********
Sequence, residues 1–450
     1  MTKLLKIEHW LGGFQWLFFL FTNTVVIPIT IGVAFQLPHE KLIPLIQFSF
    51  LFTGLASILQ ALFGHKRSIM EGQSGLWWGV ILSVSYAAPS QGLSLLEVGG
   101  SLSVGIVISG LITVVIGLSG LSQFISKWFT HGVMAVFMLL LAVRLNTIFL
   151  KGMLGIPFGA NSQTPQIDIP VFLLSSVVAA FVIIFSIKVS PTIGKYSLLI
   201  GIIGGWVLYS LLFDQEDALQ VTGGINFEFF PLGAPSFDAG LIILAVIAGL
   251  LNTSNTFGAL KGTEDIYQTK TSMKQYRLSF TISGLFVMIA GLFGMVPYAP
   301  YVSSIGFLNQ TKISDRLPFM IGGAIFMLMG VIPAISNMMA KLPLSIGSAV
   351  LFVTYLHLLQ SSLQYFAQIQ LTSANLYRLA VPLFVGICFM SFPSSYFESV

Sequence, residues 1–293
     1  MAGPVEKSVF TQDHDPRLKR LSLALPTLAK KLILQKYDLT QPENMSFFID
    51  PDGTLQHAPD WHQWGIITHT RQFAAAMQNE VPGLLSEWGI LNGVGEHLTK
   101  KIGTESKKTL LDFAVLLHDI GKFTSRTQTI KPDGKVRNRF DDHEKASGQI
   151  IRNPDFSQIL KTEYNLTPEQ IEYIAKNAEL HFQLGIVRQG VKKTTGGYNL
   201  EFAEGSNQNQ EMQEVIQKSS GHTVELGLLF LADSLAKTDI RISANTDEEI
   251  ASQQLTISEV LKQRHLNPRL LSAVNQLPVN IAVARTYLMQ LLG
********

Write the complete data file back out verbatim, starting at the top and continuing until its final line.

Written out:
Sequence, residues 1–450
     1  MTKLLKIEHW LGGFQWLFFL FTNTVVIPIT IGVAFQLPHE KLIPLIQFSF
    51  LFTGLASILQ ALFGHKRSIM EGQSGLWWGV ILSVSYAAPS QGLSLLEVGG
   101  SLSVGIVISG LITVVIGLSG LSQFISKWFT HGVMAVFMLL LAVRLNTIFL
   151  KGMLGIPFGA NSQTPQIDIP VFLLSSVVAA FVIIFSIKVS PTIGKYSLLI
   201  GIIGGWVLYS LLFDQEDALQ VTGGINFEFF PLGAPSFDAG LIILAVIAGL
   251  LNTSNTFGAL KGTEDIYQTK TSMKQYRLSF TISGLFVMIA GLFGMVPYAP
   301  YVSSIGFLNQ TKISDRLPFM IGGAIFMLMG VIPAISNMMA KLPLSIGSAV
   351  LFVTYLHLLQ SSLQYFAQIQ LTSANLYRLA VPLFVGICFM SFPSSYFESV

Sequence, residues 1–293
     1  MAGPVEKSVF TQDHDPRLKR LSLALPTLAK KLILQKYDLT QPENMSFFID
    51  PDGTLQHAPD WHQWGIITHT RQFAAAMQNE VPGLLSEWGI LNGVGEHLTK
   101  KIGTESKKTL LDFAVLLHDI GKFTSRTQTI KPDGKVRNRF DDHEKASGQI
   151  IRNPDFSQIL KTEYNLTPEQ IEYIAKNAEL HFQLGIVRQG VKKTTGGYNL
   201  EFAEGSNQNQ EMQEVIQKSS GHTVELGLLF LADSLAKTDI RISANTDEEI
   251  ASQQLTISEV LKQRHLNPRL LSAVNQLPVN IAVARTYLMQ LLG